The danger that can stop us from challenging our assumptions is that for it to be a true challenge it has to go up against the strongest arguments against it, and we must at least a slight degree of ability to accept that we could be wrong. To often people use a weaker opposition to make their position seem as if it stands up against it, or they will listen to arguments against them with a predetermined attitude that they are wrong.

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  5. Jake on November 4, 2011 at 6:24 AM


    I agree Steven Shapin’s books are very good. It makes me sad that we have all these great texts that help us to have a balanced view of science that are read by academics but the ideas just never escape the confines of university walls. I think anyone really interested in science’s claim to objectivity and superiority should also read Shapin’s ‘A social History of Truth’ and Paul Feyeraband’s ‘Against Method.’

    I am currently reading Dawkin’s God Dellusion, and I couldn’t agree more with you about him being a crank. I think after reading him I have more skepticism about natural selection then I did before, as he uses a false dicotomy of you are either a enlightened free thinking atheist or a close minded, ignorant religious fool. A good critique of him is Mary Midgeley, whose work I use as a way of seeing Dawkin’s ‘The Selfish Gene’ view of Darwinian Natural Selection as an account of the creation of the earth as a secular creation myth that is just as encoded in mythology, symbols, metaphors as Genesis.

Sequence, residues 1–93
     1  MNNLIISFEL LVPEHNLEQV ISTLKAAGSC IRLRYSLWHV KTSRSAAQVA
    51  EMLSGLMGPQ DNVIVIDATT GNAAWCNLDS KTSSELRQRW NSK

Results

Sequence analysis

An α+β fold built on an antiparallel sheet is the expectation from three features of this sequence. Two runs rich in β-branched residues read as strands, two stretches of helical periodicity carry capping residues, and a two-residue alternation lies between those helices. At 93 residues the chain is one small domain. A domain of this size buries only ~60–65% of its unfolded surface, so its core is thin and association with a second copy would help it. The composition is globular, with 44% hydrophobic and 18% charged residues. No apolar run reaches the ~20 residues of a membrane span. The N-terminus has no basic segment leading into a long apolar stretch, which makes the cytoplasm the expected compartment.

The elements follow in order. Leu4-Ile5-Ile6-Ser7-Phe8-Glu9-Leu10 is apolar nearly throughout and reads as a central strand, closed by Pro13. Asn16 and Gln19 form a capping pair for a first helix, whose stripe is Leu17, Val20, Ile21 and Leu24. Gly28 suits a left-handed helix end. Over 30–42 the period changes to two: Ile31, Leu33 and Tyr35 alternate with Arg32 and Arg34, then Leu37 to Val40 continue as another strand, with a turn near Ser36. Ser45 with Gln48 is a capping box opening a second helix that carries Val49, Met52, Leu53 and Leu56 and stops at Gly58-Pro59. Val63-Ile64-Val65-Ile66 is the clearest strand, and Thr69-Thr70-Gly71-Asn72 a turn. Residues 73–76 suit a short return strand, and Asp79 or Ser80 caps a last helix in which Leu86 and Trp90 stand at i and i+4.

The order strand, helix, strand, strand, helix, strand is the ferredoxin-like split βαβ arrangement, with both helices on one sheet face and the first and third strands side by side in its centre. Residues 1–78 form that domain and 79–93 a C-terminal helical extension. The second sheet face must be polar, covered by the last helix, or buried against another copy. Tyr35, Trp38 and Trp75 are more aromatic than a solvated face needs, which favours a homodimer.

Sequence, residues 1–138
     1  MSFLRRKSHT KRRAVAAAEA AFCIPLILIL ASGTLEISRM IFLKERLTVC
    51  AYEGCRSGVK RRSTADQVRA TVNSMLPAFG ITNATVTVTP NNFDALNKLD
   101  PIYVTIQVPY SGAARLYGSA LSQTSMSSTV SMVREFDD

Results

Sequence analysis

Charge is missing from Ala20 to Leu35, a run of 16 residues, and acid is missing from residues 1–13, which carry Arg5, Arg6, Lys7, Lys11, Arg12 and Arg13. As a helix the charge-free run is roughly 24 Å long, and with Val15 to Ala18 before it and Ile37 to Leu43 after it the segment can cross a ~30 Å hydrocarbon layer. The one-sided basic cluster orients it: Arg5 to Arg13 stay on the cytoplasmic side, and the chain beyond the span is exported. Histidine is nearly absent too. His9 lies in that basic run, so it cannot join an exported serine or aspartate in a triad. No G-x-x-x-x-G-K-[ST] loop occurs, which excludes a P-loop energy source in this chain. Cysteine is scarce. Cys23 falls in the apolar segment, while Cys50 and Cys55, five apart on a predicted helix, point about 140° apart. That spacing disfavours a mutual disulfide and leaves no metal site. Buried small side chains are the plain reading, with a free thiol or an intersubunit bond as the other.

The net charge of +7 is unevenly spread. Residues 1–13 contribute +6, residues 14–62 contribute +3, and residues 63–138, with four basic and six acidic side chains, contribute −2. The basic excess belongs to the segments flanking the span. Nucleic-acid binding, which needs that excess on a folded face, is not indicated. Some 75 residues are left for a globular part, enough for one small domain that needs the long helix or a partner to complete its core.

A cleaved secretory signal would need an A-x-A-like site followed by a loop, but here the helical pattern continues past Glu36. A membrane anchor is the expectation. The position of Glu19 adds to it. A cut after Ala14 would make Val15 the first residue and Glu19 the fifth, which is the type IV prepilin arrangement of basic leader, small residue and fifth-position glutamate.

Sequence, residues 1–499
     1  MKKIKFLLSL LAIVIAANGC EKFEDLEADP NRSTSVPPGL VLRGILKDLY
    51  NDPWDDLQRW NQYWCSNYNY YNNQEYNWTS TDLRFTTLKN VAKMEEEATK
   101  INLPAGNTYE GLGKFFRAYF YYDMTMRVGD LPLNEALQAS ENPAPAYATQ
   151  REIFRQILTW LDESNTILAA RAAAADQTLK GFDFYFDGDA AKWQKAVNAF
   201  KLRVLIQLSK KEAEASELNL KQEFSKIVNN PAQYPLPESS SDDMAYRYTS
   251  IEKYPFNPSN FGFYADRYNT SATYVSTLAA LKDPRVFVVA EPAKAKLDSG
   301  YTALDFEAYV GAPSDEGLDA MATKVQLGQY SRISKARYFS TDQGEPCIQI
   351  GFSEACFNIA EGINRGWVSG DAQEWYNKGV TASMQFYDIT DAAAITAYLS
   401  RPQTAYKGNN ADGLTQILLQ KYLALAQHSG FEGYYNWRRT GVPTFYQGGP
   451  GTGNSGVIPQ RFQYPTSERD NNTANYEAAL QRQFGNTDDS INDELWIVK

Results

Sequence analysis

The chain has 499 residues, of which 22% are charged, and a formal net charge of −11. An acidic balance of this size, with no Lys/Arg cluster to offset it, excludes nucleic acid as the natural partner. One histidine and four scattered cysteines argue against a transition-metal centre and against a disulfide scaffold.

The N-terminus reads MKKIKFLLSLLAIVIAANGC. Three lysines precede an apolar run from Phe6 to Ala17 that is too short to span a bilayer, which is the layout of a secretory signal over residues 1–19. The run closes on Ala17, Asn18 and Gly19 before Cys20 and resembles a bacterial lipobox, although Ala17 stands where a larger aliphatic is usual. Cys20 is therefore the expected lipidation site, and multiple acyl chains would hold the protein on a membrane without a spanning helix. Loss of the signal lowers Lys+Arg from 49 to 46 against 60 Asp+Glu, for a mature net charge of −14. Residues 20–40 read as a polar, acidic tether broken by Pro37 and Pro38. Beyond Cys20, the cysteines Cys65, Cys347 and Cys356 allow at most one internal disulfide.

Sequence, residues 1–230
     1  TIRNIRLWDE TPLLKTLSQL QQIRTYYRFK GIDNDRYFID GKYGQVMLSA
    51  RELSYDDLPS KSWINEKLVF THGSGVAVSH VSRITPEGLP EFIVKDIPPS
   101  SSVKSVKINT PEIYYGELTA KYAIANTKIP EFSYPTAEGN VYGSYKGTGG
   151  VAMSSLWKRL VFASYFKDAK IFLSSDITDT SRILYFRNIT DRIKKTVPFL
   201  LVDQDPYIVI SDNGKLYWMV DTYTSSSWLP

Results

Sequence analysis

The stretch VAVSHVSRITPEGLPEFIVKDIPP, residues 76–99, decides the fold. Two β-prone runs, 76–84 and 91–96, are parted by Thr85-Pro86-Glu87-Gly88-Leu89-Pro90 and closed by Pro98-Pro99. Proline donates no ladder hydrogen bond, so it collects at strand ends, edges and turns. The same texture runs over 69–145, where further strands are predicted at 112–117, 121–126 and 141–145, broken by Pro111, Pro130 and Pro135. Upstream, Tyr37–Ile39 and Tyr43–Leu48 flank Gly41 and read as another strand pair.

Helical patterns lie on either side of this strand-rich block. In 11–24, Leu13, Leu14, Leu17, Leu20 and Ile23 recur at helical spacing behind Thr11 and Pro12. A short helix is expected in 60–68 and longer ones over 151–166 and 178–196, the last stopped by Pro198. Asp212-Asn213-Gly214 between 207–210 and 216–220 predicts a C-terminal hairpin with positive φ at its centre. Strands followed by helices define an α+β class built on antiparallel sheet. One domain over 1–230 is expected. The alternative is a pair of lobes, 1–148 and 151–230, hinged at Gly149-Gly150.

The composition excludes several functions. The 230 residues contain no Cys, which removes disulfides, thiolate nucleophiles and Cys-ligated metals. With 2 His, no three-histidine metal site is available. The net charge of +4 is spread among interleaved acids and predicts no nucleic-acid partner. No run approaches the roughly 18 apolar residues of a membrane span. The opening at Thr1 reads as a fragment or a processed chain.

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  6. Casey on November 4, 2011 at 10:31 AM

    Try telling a Dawkins enthusiast that they’re projecting Thatcherite economics onto biology and watch the sparks fly ;)

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  7. dpc on November 4, 2011 at 11:40 AM

    I think that science is at its best when it deals with its “core” subject: the material universe and how it and its constituent parts operate. Problems arise however, when scientists start intruding into other areas such as theology, metaphysics, ethics and law where the scientific method just doesn’t work. Could you imagine someone trying to reduce the U.S. Constitution to a mathematical formula and then make predictions about the outcomes of lawsuits? It just doesn’t make sense to think of the Constitution in those terms.

    As far as heroes are concerned, I think that it’s human tendency to create myths. Sir Issac Newton was a brilliant scientist, but no one ever told me in school that he spent his later years devoted to religious tracts and alchemy. We have myths about the prophets and apostles (ancient and modern). But past heroes can also transform into modern pariahs. Bashing Bruce R. McConkie seems to be very chic right now.